Ceres’ “Pyramid” Gets a Closer Look, But Bright Spots Remain a Mystery

NASA's Dawn spacecraft spotted this tall, conical mountain on Ceres from a distance of 915 miles (1,470 kilometers). The mountain, located in the southern hemisphere, stands 4 miles (6 kilometers) high. Its perimeter is sharply defined, with almost no accumulated debris at the base of the brightly streaked slope. The image was taken on August 19, 2015.Credit: NASA/JPL-Caltech/UCLA/MPS/DLR/IDA

NASA’s Dawn spacecraft spotted this tall, conical mountain on Ceres from a distance of 915 miles (1,470 kilometers). The mountain, located in the southern hemisphere, stands 4 miles (6 kilometers) high. Its perimeter is sharply defined, with almost no accumulated debris at the base of the brightly streaked slope. The image was taken on August 19, 2015.Credit: NASA/JPL-Caltech/UCLA/MPS/DLR/IDA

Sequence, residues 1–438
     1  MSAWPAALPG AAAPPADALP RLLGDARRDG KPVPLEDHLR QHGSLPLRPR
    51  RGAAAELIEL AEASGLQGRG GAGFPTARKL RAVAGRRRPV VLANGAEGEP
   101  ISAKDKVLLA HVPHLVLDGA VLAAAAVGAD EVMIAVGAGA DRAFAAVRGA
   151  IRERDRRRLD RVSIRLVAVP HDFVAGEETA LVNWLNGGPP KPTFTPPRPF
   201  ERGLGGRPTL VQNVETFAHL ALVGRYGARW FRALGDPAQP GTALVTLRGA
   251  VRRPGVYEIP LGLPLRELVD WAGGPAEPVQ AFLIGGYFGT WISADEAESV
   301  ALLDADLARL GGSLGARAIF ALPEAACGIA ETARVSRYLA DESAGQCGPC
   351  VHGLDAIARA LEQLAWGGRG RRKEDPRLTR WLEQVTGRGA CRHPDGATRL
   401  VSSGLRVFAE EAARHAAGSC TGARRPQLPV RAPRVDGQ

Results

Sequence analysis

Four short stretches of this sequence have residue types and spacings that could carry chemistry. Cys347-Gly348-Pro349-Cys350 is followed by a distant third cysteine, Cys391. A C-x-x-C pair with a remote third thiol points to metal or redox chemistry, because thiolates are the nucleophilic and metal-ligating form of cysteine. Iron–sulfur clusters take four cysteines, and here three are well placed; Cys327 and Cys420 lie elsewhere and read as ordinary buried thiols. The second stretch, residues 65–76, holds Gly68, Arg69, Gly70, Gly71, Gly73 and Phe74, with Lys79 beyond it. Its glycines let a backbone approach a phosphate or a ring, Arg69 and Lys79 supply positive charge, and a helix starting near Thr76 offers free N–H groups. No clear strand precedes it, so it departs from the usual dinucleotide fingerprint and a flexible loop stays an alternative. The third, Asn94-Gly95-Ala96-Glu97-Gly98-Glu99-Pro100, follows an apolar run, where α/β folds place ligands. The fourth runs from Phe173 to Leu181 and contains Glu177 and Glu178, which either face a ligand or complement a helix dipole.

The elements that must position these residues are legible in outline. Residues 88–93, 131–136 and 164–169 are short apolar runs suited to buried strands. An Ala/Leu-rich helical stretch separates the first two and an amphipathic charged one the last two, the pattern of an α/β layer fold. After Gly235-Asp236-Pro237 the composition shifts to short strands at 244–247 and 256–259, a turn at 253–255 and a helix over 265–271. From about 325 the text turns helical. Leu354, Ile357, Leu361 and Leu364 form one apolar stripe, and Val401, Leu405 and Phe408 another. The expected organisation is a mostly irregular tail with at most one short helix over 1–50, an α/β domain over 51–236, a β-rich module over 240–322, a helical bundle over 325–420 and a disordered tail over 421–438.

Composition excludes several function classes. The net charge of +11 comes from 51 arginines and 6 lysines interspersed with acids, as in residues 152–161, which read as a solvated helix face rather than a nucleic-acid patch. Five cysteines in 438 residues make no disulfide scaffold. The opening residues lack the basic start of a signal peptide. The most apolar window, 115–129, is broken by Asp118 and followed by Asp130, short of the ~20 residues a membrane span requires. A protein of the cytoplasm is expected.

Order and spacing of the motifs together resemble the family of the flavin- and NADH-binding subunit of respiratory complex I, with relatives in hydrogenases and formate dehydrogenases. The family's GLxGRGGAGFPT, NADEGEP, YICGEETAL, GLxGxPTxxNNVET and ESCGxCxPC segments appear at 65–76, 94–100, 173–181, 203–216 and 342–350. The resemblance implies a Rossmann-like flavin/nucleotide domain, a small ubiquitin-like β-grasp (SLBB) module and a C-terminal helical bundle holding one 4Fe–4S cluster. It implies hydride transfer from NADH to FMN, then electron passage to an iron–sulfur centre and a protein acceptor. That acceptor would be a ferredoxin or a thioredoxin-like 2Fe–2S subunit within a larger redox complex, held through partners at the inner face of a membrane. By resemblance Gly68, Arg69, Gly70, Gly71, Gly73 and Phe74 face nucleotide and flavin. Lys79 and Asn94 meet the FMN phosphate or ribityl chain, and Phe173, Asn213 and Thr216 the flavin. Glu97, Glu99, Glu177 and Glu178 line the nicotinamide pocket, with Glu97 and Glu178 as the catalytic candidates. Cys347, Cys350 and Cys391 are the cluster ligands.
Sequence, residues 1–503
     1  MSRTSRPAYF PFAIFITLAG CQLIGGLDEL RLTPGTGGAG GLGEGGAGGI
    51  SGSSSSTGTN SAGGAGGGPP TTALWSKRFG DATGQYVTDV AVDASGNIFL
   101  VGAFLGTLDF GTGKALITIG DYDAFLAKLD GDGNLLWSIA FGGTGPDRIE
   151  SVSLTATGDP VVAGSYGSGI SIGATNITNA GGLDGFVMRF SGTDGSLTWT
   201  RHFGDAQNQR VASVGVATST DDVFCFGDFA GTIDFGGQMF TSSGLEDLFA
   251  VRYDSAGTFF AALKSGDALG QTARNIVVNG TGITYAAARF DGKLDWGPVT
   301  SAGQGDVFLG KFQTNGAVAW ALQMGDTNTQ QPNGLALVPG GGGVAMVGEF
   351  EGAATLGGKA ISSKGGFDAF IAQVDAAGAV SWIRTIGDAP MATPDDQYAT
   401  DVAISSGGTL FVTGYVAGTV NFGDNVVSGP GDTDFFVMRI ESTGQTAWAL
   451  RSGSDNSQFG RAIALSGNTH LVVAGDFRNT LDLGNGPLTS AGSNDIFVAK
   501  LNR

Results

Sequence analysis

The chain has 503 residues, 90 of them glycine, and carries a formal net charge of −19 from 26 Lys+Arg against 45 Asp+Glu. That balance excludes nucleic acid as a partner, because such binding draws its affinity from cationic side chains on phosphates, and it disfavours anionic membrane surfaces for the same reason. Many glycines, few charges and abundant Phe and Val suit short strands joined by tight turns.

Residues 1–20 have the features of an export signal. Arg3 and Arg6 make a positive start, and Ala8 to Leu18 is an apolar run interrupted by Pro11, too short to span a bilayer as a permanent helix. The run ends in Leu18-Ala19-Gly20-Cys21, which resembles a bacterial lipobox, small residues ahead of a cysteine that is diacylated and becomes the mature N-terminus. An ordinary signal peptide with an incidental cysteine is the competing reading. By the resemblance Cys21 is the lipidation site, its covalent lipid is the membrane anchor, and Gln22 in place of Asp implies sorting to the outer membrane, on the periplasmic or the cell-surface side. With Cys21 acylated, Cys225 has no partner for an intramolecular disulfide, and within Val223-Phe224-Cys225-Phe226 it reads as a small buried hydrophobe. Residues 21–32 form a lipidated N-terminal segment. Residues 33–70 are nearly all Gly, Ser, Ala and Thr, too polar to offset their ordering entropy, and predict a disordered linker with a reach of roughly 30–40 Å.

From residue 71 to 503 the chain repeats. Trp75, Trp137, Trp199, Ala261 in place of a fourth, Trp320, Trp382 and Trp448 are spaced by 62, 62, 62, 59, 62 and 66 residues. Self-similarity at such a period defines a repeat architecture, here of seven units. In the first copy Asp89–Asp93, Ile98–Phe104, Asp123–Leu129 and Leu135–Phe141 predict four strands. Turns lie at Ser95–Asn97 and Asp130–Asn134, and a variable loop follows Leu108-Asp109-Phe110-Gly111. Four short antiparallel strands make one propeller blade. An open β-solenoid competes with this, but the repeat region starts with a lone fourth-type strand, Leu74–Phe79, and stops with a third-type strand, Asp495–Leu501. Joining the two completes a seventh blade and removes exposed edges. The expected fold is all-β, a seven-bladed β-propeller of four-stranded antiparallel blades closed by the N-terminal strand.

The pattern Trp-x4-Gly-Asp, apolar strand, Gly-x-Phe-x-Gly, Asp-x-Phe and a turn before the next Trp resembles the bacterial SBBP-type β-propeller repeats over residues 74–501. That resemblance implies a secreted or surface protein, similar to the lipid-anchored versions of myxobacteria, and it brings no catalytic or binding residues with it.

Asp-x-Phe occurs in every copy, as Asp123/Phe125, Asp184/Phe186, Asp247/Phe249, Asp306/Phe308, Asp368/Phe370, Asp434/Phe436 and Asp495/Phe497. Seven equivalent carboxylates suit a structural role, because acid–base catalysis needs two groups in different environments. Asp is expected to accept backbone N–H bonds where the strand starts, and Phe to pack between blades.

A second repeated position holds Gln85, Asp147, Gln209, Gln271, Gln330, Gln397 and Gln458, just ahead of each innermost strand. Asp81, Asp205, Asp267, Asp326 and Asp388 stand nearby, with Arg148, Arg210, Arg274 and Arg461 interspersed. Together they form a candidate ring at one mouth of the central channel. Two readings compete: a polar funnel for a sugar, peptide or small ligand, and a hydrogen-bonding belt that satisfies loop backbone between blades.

The Dawn spacecraft is now orbiting just 1,470 kilometers (915 miles) above Ceres’ surface, and the science team released these latest images. Above is a closest view yet of the so-called ‘pyramid’ on Ceres, although the closer Dawn gets, the less this feature looks like a pyramid. It’s actually more like a conical mountain with a flat top, almost like a butte.

And if you’re like me and you see a crater instead of a mountain, just turn the picture over (or stand on your head). Below, we’ve turned the image upside down for you:
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Read the rest of Ceres’ “Pyramid” Gets a Closer Look, But Bright Spots Remain a Mystery (822 words)


© nancy for Universe Today, 2015. |
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